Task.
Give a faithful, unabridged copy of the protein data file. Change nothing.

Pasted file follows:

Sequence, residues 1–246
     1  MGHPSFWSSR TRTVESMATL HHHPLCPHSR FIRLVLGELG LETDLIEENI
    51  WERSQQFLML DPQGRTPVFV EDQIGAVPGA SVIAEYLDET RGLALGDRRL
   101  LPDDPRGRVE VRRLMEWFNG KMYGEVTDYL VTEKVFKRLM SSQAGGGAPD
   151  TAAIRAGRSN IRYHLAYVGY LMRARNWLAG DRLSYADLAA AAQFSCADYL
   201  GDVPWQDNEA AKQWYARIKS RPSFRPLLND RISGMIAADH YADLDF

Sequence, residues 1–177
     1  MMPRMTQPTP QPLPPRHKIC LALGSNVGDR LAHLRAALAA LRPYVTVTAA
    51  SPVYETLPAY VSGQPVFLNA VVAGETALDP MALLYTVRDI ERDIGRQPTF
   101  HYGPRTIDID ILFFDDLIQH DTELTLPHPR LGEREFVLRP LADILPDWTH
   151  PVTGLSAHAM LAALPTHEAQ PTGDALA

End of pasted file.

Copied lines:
Sequence, residues 1–246
     1  MGHPSFWSSR TRTVESMATL HHHPLCPHSR FIRLVLGELG LETDLIEENI
    51  WERSQQFLML DPQGRTPVFV EDQIGAVPGA SVIAEYLDET RGLALGDRRL
   101  LPDDPRGRVE VRRLMEWFNG KMYGEVTDYL VTEKVFKRLM SSQAGGGAPD
   151  TAAIRAGRSN IRYHLAYVGY LMRARNWLAG DRLSYADLAA AAQFSCADYL
   201  GDVPWQDNEA AKQWYARIKS RPSFRPLLND RISGMIAADH YADLDF

Sequence, residues 1–177
     1  MMPRMTQPTP QPLPPRHKIC LALGSNVGDR LAHLRAALAA LRPYVTVTAA
    51  SPVYETLPAY VSGQPVFLNA VVAGETALDP MALLYTVRDI ERDIGRQPTF
   101  HYGPRTIDID ILFFDDLIQH DTELTLPHPR LGEREFVLRP LADILPDWTH
   151  PVTGLSAHAM LAALPTHEAQ PTGDALA